If you’ve ever bitten into something cold – for example, a popsicle – and winced because your teeth hurt, you may think that’s a natural reaction. However, you might actually be suffering from tooth sensitivity. It’s a common dental problem affecting at least 40 million adults in the U.S.
But it’s not just cold food that can cause sensitivity. Teeth exposed to sweet, acidic, or hot foods – or even cold air – can experience a sharp, sudden flash of pain. For some, merely brushing or flossing their teeth triggers the pain – which doesn’t last long, but is nonetheless an annoying condition that can be treated and improved.
What Causes Sensitive Teeth
The cause of sensitive teeth is related to tooth enamel or the gum line, both of which normally protect the underlying dentin of your teeth. If the enamel wears down or your gum line recedes, the dentin becomes exposed. Since the dentin is connected to nerves inside your teeth, the nerves can react painfully to cold, hot, or sweet substances.
Among the factors contributing to enamel reduction and sensitive teeth are:
- Aggressive brushing, particularly with a hard-bristled toothbrush
- Gum recession due to periodontal disease
- Gingivitis, the inflammation of gum tissue
- Cracked teeth filled with bacteria from plaque buildup
- Teeth grinding
- Long-term use of acidic mouthwash
- Acidic foods
- Over-the-counter teeth whitening treatments (as opposed to professional dental treatments)
Overcoming Teeth Sensitivity
While there is no single treatment for teeth sensitivity that works for everyone, you can try several at-home options and dental procedures to prevent tooth sensitivity from recurring.
Products to Use at Home
A softer-bristled toothbrush and a thin layer of fluoridated – but not tartar-control – desensitizing toothpaste can help. Fluoride helps strengthen enamel, which can reduce pain. Brush twice a day using gentle (not vigorous) strokes, and floss daily. A fluoridated mouthwash with little, if any, acidic ingredients can also help ease sensitivity.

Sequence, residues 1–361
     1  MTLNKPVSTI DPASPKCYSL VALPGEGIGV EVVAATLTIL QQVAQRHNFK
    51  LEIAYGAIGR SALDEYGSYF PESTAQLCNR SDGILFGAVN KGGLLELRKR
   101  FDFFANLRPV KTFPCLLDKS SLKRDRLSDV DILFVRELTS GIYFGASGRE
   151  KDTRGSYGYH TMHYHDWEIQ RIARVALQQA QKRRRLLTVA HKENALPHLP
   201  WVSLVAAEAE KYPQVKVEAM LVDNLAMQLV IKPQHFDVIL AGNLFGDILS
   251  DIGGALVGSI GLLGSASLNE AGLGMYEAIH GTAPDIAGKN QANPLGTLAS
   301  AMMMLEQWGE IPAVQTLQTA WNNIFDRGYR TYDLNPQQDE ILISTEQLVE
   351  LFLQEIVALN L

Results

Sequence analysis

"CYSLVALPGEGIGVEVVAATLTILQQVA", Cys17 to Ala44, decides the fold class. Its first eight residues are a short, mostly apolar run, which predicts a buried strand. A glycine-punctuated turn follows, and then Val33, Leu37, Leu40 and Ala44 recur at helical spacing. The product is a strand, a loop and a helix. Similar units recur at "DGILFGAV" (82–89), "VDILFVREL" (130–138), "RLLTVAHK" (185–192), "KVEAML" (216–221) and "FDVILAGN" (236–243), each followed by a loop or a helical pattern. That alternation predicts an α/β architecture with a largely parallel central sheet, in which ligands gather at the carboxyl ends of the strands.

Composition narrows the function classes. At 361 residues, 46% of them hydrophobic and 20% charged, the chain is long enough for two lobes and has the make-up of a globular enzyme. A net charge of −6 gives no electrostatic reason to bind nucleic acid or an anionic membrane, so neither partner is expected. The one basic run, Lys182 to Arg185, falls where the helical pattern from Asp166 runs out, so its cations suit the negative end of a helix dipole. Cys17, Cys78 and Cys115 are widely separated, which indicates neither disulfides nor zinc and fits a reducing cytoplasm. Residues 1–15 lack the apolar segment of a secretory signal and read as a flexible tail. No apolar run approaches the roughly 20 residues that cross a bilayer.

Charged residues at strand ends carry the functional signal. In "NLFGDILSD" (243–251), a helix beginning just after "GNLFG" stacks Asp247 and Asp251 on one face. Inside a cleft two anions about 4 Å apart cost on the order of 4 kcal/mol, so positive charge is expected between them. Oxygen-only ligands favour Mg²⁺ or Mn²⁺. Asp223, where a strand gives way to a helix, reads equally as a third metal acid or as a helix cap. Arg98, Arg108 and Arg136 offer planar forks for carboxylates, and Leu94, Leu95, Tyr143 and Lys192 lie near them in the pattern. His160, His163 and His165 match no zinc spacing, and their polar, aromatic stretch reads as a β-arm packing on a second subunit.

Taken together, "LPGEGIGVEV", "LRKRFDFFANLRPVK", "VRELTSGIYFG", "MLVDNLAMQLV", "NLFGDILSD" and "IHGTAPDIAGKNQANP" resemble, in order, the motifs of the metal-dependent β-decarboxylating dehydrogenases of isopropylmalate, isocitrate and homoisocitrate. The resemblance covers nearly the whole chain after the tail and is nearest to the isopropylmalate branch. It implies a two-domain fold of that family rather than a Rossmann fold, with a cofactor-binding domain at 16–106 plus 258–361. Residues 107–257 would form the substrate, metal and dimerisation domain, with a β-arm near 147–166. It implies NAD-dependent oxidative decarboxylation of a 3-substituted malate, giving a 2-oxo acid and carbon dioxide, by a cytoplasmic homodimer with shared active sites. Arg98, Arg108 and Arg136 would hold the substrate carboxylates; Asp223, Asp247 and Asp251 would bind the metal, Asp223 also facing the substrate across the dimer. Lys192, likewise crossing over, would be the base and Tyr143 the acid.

Additionally, you can ask your dentist about wearing a mouth guard to prevent grinding your teeth when sleeping at night, which can eventually fracture teeth and cause sensitivity.
Refrain from eating and drinking acidic foods and beverages – such as carbonated sodas, citrus fruits, and wine – as much as possible. If you do drink acidic liquids, use a straw to limit their contact with your teeth. Or, drink water after eating or drinking an acidic substance to reduce the acid level in your mouth.
You can fix flawed or decayed teeth with bonding, crowns, or inlays. Applying a dental sealant, such as bonding resin, to exposed root surfaces can help treat tooth sensitivity.
Undergoing a surgical gum graft, in which a small amount of gum tissue is taken from elsewhere in your mouth and attached to the affected site, can protect exposed roots and reduce sensitivity.
If you are experiencing severe tooth pain or sensitivity that doesn’t respond to other treatments, your dentist may recommend a root canal. This procedure addresses problems in the dental pulp and is considered the most successful technique for eliminating tooth sensitivity.
Caring Family Dentistry in the Las Vegas Area
Whatever the cause of your tooth sensitivity, Dedicated Dental in Henderson, Nevada, can help. We specialize in family dentistry, diagnosing and treating all types of dental conditions.